Canada isn’t the only country with stratospheric home prices. But its pace of price growth does lead the way among the G7 nations.
The Canadian unaffordability crisis is sometimes too easily dismissed. Many of those already in the market take for granted the stability that ownership provides, as prices surge all around them.
Sometimes it takes an objective third party to remind us how off-kilter our market really is.
On that note, it’s interesting how the foreign media portray Canada’s housing market. If only our leading politicians seemed as concerned.
Have a look…
“Canadians are so alarmed by the red-hot housing market that many say they’d like to see the central bank raise the cost of borrowing to dampen demand for real estate and stabilize prices.”
[Ed. Note: This story refers to a Nanos poll that found 70% of Canadians were somewhat in favour of the Bank of Canada raising interest rates to slow home price growth]
“The numbers underscore how soaring housing costs have emerged as a major issue in the public consciousness after a year in which prices jumped by 30 per cent or more in some regions…The widening gulf between Canadians with property and those without has some vocal critics casting the issue as a battle among classes or generations.”
— The Australian Financial Review, May 16, 2021 (Source)
“Trying to decide whether Canada’s real estate market has peaked has long been a national pastime. And, last year, even the country’s housing agency gave a steer: it warned that a Covid-led correction was imminent, and prices could fall by as much as 18 per cent. But the market had other ideas. Nationally, average selling prices hit a record high in March 2021, up 31 per cent year-on-year…”
“But while the rise has revived fears of a bubble, history shows that Canada’s housing market can prove resilient…Unlike the U.S. and the UK, Canada did not see a reset in prices even after the 2008 global financial crisis…”
— Financial Times (UK), May 11, 2021 (Source)
Rates are based on a $300,000 mortgage.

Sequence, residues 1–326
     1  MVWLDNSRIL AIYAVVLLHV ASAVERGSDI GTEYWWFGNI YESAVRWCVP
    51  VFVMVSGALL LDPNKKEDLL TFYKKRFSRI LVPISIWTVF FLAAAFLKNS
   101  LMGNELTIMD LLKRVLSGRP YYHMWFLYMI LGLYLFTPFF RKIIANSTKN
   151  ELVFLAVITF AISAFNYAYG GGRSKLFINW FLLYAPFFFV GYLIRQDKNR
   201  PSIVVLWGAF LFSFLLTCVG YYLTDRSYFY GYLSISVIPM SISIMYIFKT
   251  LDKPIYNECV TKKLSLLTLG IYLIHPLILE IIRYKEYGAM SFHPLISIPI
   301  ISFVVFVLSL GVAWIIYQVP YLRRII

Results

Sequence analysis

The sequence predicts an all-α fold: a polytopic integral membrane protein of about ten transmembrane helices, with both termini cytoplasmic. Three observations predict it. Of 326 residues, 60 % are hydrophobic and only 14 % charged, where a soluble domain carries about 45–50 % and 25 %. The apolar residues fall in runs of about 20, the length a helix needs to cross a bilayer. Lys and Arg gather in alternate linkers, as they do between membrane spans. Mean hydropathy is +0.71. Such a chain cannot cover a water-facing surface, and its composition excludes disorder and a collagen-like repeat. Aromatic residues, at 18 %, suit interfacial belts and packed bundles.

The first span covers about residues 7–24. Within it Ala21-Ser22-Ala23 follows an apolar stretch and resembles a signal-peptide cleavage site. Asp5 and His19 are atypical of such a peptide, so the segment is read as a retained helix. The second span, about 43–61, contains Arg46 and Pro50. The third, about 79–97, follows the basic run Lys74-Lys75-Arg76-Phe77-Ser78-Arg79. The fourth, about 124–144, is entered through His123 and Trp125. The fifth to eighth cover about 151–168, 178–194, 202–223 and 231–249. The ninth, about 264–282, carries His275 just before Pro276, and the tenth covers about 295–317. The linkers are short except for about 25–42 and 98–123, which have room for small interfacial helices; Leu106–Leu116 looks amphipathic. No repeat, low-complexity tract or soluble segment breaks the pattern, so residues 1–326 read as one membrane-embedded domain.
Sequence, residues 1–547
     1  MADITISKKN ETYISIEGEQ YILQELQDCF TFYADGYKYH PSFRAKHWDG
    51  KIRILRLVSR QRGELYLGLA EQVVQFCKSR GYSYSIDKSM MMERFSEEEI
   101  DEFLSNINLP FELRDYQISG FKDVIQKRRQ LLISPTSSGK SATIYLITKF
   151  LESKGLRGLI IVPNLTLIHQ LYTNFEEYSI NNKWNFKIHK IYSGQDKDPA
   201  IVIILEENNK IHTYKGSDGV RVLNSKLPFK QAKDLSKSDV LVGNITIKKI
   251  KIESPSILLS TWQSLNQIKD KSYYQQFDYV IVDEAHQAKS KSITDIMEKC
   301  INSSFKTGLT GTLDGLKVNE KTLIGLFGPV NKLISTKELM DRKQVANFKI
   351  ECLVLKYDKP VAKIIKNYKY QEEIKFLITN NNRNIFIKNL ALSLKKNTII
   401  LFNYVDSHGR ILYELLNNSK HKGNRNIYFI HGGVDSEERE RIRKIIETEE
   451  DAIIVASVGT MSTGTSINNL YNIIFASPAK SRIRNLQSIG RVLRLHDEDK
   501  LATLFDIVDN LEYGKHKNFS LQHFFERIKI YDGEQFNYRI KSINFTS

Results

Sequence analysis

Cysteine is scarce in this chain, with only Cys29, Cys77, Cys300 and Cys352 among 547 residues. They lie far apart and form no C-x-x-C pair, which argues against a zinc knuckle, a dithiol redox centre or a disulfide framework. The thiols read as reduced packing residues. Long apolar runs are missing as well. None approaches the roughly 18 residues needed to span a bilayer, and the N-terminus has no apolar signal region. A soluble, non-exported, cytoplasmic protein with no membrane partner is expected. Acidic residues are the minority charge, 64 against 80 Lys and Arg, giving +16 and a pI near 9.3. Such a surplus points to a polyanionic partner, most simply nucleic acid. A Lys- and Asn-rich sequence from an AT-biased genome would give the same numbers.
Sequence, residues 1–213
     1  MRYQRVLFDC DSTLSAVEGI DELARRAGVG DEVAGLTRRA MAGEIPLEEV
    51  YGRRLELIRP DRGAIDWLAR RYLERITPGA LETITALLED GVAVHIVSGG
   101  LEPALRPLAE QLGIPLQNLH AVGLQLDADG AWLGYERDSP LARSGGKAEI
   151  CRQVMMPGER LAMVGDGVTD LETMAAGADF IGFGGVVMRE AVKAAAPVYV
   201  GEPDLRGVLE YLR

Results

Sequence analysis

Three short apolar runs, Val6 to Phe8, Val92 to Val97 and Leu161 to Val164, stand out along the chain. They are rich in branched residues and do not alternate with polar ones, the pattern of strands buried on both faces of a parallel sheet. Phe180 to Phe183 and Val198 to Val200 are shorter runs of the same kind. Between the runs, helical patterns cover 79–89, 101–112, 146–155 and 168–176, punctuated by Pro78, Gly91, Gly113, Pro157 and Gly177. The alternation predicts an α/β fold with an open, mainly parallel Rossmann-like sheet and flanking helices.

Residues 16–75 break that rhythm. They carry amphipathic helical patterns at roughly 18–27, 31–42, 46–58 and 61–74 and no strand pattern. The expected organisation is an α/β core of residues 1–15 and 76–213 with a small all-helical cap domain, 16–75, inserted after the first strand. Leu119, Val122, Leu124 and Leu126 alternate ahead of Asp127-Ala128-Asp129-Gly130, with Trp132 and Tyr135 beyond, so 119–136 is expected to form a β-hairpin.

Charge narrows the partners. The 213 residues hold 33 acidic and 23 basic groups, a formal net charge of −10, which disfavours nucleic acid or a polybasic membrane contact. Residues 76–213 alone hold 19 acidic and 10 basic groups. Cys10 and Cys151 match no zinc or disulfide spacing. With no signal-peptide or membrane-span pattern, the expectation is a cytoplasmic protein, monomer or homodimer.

“Just like in the U.S., the U.K., Australia and elsewhere, Canada is experiencing a housing craze fed by the Covid-19 pandemic and the demand for more space, rock-bottom interest rates, and demographics, with millennials moving into their prime-buying years. Yet, Canada has seen a more dramatic price run-up than all Group of Seven countries.”
“While in the U.S. there are few concerns about a bubble or a 2008-style crash, that’s not the case in Canada, where some analysts and economists worry about real estate’s outsized role in the country’s economy that could be exposed in the next downturn. Canadian housing as a share of gross domestic product was 9.3% as of the fourth quarter of 2020, up from 7.5% a year earlier and from 6.6% a decade ago. In the U.S., housing is 4.6% of GDP, and the U.S. level at the height of its housing boom reached only 6.7%...”
— The Wall Street Journal, March 24, 2021 (Source)
“Small cities and cottage towns across Canada are grappling with the fallout of surging popularity amid the Covid-19 pandemic, as urbanites flock in, driving up home prices with big-city-style bidding wars and putting pressure on municipal services. The growing demand has led to some small Canadian communities seeing house prices jump more than 75 per cent in one year.”
“The eye-watering gains in Canada are mirroring similar trends in New Zealand, Australia and Britain, where rural home prices are accelerating faster than in cities as avid buyers rush to snatch up cheaper small-town properties and as white-collar workers bet on being able to work from home even after the pandemic ends… But the soaring housing prices are locking locals out of the real estate market, and competition for rentals means many people can no longer afford to live locally, leaving small-business owners scrambling for staff. Even existing homeowners, whose home values have risen sharply, are unable to move up the property ladder as the gap to the next rung widens past their means.”
— The Independent (UK), May 13, 2021 (Source)
If journalists thousands of miles away can see what’s straining prospective homebuyers in this country, maybe it’s time we ask why our policymakers aren’t more urgently pledging resources to correct Canada’s housing supply imbalance. One can only hope that if our domestic media’s spotlight can’t spur them to action, an international spotlight will.